Montand was a paedophileclaims step-daughter

30th September 2004, Comments 0 comments

PARIS, Sept 30 (AFP) - The step-daughter of the late French singer and actor Yves Montand has stirred up a bitter row over the competing demands of privacy and public interest with the release of a book in which she claims she was abused by him as a child.

PARIS, Sept 30 (AFP) - The step-daughter of the late French singer and actor Yves Montand has stirred up a bitter row over the competing demands of privacy and public interest with the release of a book in which she claims she was abused by him as a child.  

In "An upside-down world", Catherine Allegret - the 58-year-old daughter of the actress Simone Signoret - describes an incident in which Montand molested her in the bath when she was five, and says that in later life he regularly harassed her and once attempted rape.  

But far from provoking pity or horror, the autobiography has been greeted instead by a wall of disapproval, with hostile coverage in the press, questions raised over Allegret's motives, and expressions of outrage from Montand's army of fans.  

Allegret was five when Signoret married Montand in 1951. She later had a brief career as an actress and is now the mother of one of France's leading television presenters Benjamin Castaldi.  

Interviewed by French newspapers this week, she said she was prompted to write the book by claims in the magazine Paris-Match that she and Montand were lovers. She said she refused to call her step-father a paedophile, and described what happened as an "aberration" for which she had forgiven him.  

Montand, who died in 1991 at the age of 70, was one of France's best-loved entertainers with a string of hit songs such as "Les feuilles mortes" and "Sous le ciel de Paris" and starring roles in some 50 films including "Is Paris burning?" and "Jean de Florette".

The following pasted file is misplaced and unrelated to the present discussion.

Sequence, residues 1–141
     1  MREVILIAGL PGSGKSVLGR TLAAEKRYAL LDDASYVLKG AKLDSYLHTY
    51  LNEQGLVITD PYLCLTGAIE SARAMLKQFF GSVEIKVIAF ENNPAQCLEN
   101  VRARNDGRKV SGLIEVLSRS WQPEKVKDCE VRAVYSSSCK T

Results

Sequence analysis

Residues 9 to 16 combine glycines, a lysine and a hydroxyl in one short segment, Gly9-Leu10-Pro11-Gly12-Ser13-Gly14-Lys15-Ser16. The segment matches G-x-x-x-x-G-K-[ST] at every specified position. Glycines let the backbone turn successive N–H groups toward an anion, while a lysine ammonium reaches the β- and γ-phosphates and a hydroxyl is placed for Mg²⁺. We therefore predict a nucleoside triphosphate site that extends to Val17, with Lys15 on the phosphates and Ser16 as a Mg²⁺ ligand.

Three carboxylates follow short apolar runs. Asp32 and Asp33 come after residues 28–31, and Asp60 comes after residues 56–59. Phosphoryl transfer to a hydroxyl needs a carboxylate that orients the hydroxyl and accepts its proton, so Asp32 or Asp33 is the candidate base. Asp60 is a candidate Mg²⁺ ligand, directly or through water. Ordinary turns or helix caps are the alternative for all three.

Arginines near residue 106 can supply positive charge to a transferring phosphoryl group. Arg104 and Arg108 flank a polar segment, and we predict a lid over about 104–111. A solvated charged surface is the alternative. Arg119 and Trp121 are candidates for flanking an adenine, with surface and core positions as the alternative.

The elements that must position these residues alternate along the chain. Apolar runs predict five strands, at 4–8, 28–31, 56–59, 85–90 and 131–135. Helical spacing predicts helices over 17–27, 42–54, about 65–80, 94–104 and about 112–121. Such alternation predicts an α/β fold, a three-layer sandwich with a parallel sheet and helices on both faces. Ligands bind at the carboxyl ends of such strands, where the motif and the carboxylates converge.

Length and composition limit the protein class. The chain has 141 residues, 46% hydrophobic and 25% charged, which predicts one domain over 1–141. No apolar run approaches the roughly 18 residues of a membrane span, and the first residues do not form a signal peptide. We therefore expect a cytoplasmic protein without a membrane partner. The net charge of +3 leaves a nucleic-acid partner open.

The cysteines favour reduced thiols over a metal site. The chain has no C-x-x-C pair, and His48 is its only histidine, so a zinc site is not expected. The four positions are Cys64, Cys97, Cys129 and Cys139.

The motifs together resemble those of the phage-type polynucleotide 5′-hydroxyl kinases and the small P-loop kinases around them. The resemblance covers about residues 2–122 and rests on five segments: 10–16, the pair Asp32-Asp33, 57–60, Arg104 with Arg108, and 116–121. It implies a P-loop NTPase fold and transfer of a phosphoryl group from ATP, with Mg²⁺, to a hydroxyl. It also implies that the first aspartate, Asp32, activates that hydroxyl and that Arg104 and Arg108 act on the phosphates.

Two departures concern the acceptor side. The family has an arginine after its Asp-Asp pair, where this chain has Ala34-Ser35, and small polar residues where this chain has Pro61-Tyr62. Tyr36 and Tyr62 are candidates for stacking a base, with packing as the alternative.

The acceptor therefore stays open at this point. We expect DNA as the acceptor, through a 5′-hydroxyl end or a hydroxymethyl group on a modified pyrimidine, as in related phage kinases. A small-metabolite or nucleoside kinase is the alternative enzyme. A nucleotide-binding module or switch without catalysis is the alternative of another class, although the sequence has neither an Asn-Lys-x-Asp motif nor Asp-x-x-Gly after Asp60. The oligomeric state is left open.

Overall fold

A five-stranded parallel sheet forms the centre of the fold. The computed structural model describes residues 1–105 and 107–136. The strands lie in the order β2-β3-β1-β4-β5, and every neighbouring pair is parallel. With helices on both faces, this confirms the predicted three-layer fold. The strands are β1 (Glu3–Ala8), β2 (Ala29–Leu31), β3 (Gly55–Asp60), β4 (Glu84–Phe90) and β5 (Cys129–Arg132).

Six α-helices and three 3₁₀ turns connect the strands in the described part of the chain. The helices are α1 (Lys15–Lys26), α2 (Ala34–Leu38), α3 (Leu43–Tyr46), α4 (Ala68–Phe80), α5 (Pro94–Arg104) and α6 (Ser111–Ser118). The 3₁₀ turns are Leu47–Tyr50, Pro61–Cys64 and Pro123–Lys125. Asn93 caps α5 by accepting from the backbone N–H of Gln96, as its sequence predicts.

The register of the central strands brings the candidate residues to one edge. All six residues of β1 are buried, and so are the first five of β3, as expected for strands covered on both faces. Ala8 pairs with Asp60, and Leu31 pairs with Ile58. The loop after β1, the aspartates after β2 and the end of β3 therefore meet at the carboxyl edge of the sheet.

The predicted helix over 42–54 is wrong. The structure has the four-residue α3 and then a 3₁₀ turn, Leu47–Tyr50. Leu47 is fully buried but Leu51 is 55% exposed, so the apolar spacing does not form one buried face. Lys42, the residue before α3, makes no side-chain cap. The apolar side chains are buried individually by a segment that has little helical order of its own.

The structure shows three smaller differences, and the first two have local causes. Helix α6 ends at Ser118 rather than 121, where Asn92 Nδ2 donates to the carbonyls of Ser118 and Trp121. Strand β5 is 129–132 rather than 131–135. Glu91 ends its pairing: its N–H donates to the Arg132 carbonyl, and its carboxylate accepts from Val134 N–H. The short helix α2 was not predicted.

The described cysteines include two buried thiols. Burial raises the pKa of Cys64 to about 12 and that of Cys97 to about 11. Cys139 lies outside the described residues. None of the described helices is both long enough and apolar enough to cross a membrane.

Allegations of sexual misconduct first surfaced earlier this year in a book by Castaldi, who said that Montand had something of the "monster" in him. Another book out next month refers to homosexual escapades in Montand's youth, with author Jean-Claude Brialy complaining that "later he called me a dirty poof."  

According to Allegret, Montand was "a weird step-father, sometimes abusive, over-familiar. I endured a troubling and traumatic relationship with him, one imposed by an adult on a child."  

After telling her mother of Montand's advances, instead of expressing shock Signoret gave them her tacit approval. "Don't worry darling. It's really rather nice. It's a way of keeping our romance alive," Signoret said, which Allegret took as meaning, "As long as he was interested in me, he wouldn't leave."  

Allegret's book, which comes out next week, has an initial print run of 60,000 and with accompanying media blitz is expected to be a best-seller of the autumn season.  

But a censorious attitude to kiss-and-tell commercialism has already assured the autobiography a hostile response from France's literary establishment and entertainment in-crowd, for whom it is an unfair intrusion into the life of a lamented icon.  

In a scathing editorial Thursday, Le Parisien newspaper accused Allegret of being in it for the money. "The whole strategy is if not Machiavellian, at the very least self-seeking.

However true the confession is, it leaves a nasty taste," it said.  

According to acquaintances quoted in Liberation newspaper, Allegret has complained about the dwindling income from Montand's royalties, while anonymous detractors said that after her failed acting career she had a psychological need to compete with her famous parents and son.  

The paper also quoted Montand's nephew film-producer Jean-Louis Livi: "Accusing a man when he can no longer defend himself is abject. She is sending him to hell. I hope she can sleep in peace."

 

© AFP

Subject: French News

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